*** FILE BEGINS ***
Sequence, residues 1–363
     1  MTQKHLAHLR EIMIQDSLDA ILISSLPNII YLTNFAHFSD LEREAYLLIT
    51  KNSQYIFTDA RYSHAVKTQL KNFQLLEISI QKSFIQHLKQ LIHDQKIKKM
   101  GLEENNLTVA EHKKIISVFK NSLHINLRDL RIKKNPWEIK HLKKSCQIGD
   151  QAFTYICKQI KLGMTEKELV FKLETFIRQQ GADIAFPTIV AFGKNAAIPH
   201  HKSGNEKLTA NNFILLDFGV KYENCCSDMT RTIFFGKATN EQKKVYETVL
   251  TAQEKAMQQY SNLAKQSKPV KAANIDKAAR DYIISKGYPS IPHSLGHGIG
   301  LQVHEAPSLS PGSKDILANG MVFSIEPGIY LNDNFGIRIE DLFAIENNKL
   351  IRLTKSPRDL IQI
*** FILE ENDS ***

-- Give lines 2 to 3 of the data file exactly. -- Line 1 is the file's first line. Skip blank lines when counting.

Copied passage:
     1  MTQKHLAHLR EIMIQDSLDA ILISSLPNII YLTNFAHFSD LEREAYLLIT
    51  KNSQYIFTDA RYSHAVKTQL KNFQLLEISI QKSFIQHLKQ LIHDQKIKKM